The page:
To better understand how your IT team will react to new compliance mandates, you must determine three things. These include, what is their current workload, are they in the middle of several priority projects, and have they recently automated themselves out of a resource constraint problem? If they are already working on projects to remediate higher priority network risks, a security project on top of that would not be ideal. In most cases, bringing in another resource to perform security is necessary. However, since security is a higher-level function of Information Technology, The IT admin may prefer being promoted, and a new resource can take over the current admin roles. After all, who knows where the holes are better than the person who set the systems up? That could be an opportunity for the IT admin to rectify past mistakes only made out of necessity.
Using Reports to Make Compliance Simple
IT Admins love to see their network problems in a “single pane of glass.” They play with dashboards to set up their views, allowing them to see an issue as soon as it becomes a problem. Leadership and compliance officers need this information too, but often these dashboards are geared toward availability and not quarterly leadership statistics.
The first step in talking to an IT admin about reporting is to learn what they are already tracking. If they manage everything in the cloud, they might already be halfway to your compliance needs before you start. Ask them what they monitor already and note the information they give you and whether or not their monitoring solution can generate automatic reports. Then, start with a spreadsheet on what metrics need to be collected every month/quarter/year based on your compliance mandate. If there is a missing metric, see if the admin can easily add it to their dashboard. Then flip the switch on the automatic reporting and send those email reports at the required intervals. Once the information is flowing, you can get more granular as time progresses. The main thing is that you have evidence and documentation of these reports sent through email delivery. Your organization is most likely already collecting the needed logs for the metrics that you need for compliance. However, the big problems usually consist of consolidating that information in one place and having a steady cadence of meetings and reviews to go over the data. Once the reports send, you can always move the meeting responsibility to other members of management to make sure the reporting and risk analysis is progressing without putting too much more work on your admin.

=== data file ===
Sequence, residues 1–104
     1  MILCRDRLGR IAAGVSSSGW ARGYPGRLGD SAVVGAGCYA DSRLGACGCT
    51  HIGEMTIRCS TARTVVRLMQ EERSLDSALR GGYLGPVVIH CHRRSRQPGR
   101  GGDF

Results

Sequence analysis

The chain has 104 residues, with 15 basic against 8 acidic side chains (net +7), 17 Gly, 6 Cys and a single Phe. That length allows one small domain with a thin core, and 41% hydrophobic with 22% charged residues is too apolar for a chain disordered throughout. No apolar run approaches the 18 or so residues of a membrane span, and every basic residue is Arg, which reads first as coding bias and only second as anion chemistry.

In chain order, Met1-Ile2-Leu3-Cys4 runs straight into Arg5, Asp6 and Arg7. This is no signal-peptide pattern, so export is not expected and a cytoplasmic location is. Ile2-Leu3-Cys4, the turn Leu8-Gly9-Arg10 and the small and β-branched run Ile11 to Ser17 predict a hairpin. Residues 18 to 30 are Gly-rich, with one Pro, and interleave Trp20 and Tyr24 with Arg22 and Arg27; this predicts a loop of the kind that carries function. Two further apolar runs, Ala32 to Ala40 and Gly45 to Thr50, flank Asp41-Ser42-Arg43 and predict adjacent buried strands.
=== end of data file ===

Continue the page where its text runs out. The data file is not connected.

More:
Security officers are often deemed the fun police in their organizations. They are often the people who mandate the compliance law from their cubicles in the sky and make everyone’s lives more difficult. The truth is that most of them develop this thick skin by trying to compromise with IT administrators on compliance issues. Working together on the shared “done” of compliance implementation can be a great way of bridging the differences between IT and security.
Written by Grant Codak
Grant has over a decade of IT experience spanning a variety of domains with a focus on defensive security. Grant is currently a Cybersecurity Expert at TechGuard Security where he performs a wide variety of proactive security services, including penetration testing. He also holds the following certifications: CISSP, CEH, Security+, Network+, A+, and Metasploit Pro Certified Specialist. Recent responsibilities include, a Senior Web Security Engineer at a Fortune 50 organization along with a variety of application administration roles in security operations. His past project work includes, web tool development as well as firewall and web proxy migrations. Currently at TechGuard Security, Grant conducts audit control assessments, penetration tests, vulnerability assessments and social engineering exercises. Grant ties his knowledge together with his deep understanding of network operations and security architecture to deliver approachable report analysis to clients. Grant is also a nature enthusiast and enjoys mountain biking, hiking and kayaking.